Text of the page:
Even though Yakshagana emerged as a unique art form today, it has multiple existences in Karnataka. Doddata, Sannata, Moodalapaya and Paduvalapaya are its regional variations. Moodalapaaya is performed in northern parts of Karnataka and Paduvalapaya is popular in coastal Karnataka which includes the districts of Dakshina Kannada, Udupi, Shimoga, Chikkamagalur, Coorg and in the adjoining areas like Kasaragodu of Kerala State. The coastal Yakshagana again has two main variations called tenku tittu ( i.e. Southern style) and Badagu Tittu ( Northern style). Both styles have a night long stage performances with music, dance, costumes and dialogues. Talamaddale is another form, which has only spoken world.
Dr. Purushothama Bilimale, eminent Folklorist in his paper presented at the IGNCA Conference on Mahabharata during Jaya Festival in New Delhi explains the re-creation process of Mahabharata Katha in Yakshagana.
It is a not an easy task for a scholar to comprehend the Mahabharata re-creation process in Yakshagana due to its diversity and magnanimity. There are about thirty-six professional troupes performing more than 4000 Mahabharata centered Yakashaganas every year and also little more than 1500 amateur troupes annually performing an average of 1000 Mahabharata based episodes. We could also listen to more than 1500 Talamaddale performances all over the year. Thus there will be around 6500 Mahabharatas are created every year in a remote and tiny place by the people. At an average of 300 audiences per performance, there are about 20, 00,000 people watch and enjoy Mahabharata in and around coastal Karnataka.
The Mahabharata re-creation process has four important levels:
First, there are Prasangas or episodes, which are texts written by various authors, during the early decades of 17th century. As listed below, there are about 170 independent episodes are currently available on Mahabharata.
Secondly there are musical texts, selected by the Bhagavata during performances, which are intricately produced lyric compositions based on these episodes in various meters set to different talas.
Thirdly there are verbal texts, which elevates the first text into a visual text via second text. A performance of verbal art is something more than words. It includes the artistry of voice and body. Hence crosses the linguistic level. During this phase, the actor is independent to use all of his resources like scriptures, plays, literature, society, politics, and practically everything. His makeup and dance styles visualize the Mahabharata story on a tiny stage. This creates an interesting pattern of Mahabharata, which is very unique to each performance. That is why people watch Mahabharata again and again.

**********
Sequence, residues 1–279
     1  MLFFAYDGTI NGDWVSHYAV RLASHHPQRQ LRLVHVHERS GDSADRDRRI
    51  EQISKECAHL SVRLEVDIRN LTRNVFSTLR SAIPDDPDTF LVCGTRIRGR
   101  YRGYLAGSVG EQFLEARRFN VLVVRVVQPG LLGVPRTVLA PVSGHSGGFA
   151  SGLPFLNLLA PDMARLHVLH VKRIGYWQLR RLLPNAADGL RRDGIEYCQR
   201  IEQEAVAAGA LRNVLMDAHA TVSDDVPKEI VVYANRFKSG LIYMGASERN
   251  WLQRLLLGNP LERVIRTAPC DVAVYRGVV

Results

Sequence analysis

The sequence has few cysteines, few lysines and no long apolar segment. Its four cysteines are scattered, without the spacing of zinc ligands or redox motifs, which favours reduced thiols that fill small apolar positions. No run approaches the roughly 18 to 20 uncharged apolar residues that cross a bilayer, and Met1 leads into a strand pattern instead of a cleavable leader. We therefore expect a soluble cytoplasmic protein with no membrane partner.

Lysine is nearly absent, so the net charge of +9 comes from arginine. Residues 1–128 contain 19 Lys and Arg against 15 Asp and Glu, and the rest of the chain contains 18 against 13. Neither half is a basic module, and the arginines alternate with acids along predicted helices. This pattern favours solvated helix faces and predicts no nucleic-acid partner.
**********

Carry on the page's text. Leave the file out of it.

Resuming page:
And finally, the audience text, where various types of audience from different castes and classes creates or interpret their own Mahabharata narratives while watching performance on stage.
The relation between all these four levels are again multiple and complicate in nature.
Aesthetics of artistic stage performances:
Perhaps one of the greatest contributions of Mahabharata performance in Yakshagana can be their role in the development of aesthetics of artistic stage performances. Costumes and make-up constitute an important aspect of the visual non-verbal communication in Yakshagana Mahabharata. The audience will recognize distinctions within the costumes and makeup worn by various characters on the stage. This points to another level in which the colors work as a sign – they project different categories within the new world created on the stage.
One of the fundamental features of these costumes and make up are its symbolic nature of representation. The very nature of the theme that Yakshagana deals with – the epic world populated by gods, demons and super human characters-would preclude any possibility of realistic presentation. The various colors project different categories to which these characters belong. Dharmaraya, Karna and Arjuna will have same red colors with kingly headgears, where as Bhima and Dushyasana have gorgeous red-based colors, for their quick-tempered angry personality. Young Abhinanyu has sharp red colors with fire symbol on his forehead, Duryodhana, will have heroic colors with demonic blue lines.
One of the most obvious developments of Yakshagana Mahabharata in the last two decades has been a movement away from ritual towards entertainment. This process of de-ritualization with the decreasing religious appeal, the change in the context, theme and message change has been secularized Mahabharata. This change gets expressed in the way characters like, Karna and Dhuryodhan. These characters are no more wicked and evil but recognized as pratinayakas (anti hero). The learned artists through a process of reinterpretation radically altered the traditional meaning and emphasis is being laid on humanizing wicked characters. Thus Karna some time portrayed as the champion of downtrodden, Hidimba speaks about the liberation of woman, and Dhuryodhana as a protector of ancestry. The artists highlights their worthy qualities and even provides justification for their wicked deeds. As a result, instead of highlighting the religious message, which is the main theme of the written text, the emphasis in the performance text, falls on the tragic predicament of the protagonists.